Unfortunately his problems weren’t over. In October, we noticed that the normally small pad he had built up on his twisted back leg was growing. I took him to the vet, where the leg was drained of a very viscous liquid like joint fluid. It never went back down completely and after another draining, it ended up rupturing on its own. My cousin’s wife became his doctor during all of this and she put his x-rays and pictures on a consultation board and the response she received over and over was that no one could believe that he had survived, much less for 11 years and with as much mobility as he had.
He wouldn’t leave the rupture opening alone and it opened into a huge sunken sore. That filled in with tissue and we could finally take a biopsy. Unfortunately, it came back positive as cancer. After consulting a specialist, we learned that it was a very localized type of cancer, so in a normal cat, the course of action would be removing the leg and doing radiation. Losing a leg when he is already so broken seemed like it would be too much for him. After thinking over the options and what would be best in our special case, we decided to take no further action other than making sure his last few months were as comfortable as possible.
The cancerous area continued to open sores and drain. He was eating fine and extremely loving, but his mobility decreased and he lost weight. Every morning I would carry him downstairs, put him on a special area I had made for him to go to the bathroom, feed him, and make him comfortable on the couch. When I got home from work, we would go through the same bathroom/feeding routine, then at night I would carry him upstairs to sleep with us in a nest of old blankets on the bed. He seemed content and happy up until the very end. We decided to go ahead and put him to sleep when we could tell the tumor had started to outgrow the blood supply by the smell of the afflicted area. We wanted to make sure he was gone before we saw signs of real pain and suffering. Thankfully, we were able to be at home when he was put to sleep – less stress for him and for us.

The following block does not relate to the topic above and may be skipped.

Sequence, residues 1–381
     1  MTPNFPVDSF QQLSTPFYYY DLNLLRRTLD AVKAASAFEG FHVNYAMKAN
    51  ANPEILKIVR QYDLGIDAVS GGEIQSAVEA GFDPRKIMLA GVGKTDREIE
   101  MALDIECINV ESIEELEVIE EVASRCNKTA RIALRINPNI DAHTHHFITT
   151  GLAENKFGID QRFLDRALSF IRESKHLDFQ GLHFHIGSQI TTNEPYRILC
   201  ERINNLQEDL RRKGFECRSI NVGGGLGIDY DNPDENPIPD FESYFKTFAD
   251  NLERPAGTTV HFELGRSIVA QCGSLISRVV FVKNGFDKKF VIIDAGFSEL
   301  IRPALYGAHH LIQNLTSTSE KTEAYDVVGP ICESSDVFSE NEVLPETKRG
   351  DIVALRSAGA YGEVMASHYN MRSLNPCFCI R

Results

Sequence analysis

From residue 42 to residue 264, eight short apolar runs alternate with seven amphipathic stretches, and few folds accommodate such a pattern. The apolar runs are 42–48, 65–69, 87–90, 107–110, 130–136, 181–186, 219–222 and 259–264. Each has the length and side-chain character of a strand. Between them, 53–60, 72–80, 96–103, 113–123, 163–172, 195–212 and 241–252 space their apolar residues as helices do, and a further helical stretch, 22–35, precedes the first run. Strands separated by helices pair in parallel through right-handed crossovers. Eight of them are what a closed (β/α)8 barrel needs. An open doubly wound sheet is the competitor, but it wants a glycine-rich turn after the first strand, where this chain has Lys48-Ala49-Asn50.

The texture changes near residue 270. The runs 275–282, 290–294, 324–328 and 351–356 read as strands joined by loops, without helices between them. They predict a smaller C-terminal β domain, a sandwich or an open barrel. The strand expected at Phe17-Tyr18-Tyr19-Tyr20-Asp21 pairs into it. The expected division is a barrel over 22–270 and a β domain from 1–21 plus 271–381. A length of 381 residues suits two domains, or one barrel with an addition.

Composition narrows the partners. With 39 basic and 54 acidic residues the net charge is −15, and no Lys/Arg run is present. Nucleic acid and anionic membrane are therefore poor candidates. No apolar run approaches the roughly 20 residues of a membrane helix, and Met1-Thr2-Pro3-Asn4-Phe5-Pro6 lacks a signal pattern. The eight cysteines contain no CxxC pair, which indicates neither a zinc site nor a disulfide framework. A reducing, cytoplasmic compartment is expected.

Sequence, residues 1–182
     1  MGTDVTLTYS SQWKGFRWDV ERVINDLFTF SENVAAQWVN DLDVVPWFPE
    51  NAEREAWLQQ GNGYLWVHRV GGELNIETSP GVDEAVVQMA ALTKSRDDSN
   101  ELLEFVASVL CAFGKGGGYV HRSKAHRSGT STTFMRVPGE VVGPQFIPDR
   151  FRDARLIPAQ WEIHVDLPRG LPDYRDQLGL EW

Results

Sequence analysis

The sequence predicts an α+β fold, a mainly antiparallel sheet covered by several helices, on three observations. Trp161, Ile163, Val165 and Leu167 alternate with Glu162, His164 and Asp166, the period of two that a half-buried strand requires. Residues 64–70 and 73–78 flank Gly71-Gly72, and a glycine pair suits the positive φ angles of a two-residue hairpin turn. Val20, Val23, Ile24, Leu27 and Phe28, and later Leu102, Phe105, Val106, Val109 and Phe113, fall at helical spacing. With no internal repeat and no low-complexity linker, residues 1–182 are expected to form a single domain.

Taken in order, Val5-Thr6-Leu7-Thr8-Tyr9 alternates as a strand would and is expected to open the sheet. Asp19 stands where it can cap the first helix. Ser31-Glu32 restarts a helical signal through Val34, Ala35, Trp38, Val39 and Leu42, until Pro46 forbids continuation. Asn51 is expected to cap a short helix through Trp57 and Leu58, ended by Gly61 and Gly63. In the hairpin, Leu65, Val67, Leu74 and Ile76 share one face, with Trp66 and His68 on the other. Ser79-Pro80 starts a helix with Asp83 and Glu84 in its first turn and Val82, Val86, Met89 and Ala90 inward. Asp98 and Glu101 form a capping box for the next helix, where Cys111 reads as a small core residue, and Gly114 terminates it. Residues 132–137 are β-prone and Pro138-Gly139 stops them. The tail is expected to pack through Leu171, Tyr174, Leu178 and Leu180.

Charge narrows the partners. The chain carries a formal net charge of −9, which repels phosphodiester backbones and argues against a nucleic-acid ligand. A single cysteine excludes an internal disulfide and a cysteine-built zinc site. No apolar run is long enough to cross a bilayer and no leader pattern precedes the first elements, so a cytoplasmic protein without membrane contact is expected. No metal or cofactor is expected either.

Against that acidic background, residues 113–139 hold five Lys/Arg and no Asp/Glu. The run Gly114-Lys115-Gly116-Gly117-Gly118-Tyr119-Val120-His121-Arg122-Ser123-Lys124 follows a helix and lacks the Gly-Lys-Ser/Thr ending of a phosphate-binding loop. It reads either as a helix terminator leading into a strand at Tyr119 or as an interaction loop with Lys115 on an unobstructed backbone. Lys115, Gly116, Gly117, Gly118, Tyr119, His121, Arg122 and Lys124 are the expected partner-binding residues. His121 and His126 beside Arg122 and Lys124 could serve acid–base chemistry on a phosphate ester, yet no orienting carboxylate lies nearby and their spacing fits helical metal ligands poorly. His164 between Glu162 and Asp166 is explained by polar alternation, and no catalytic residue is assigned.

I have never been a part of the decision-making and actual euthanasia of any of our childhood pets, so this was a first and has been extremely difficult to process. I know we made the right decision and that the timing was best for him. I think I am thankful that I knew it was coming so that I was able to prepare and spend a lot of time with him. I won’t ever regret neglecting the dishes in the sink in order to just sit with him on the couch the last couple of months we had him. The first couple of days without him were the hardest, because he was so integrated in my routines. I had to cope with all the ‘firsts’ of not having him around. As trying as he could be at times, all-in-all he was a great companion and I am so thankful that he was in my life. He has now joined the small group of wonderful pets from the past, all buried lovingly in my parents back yard.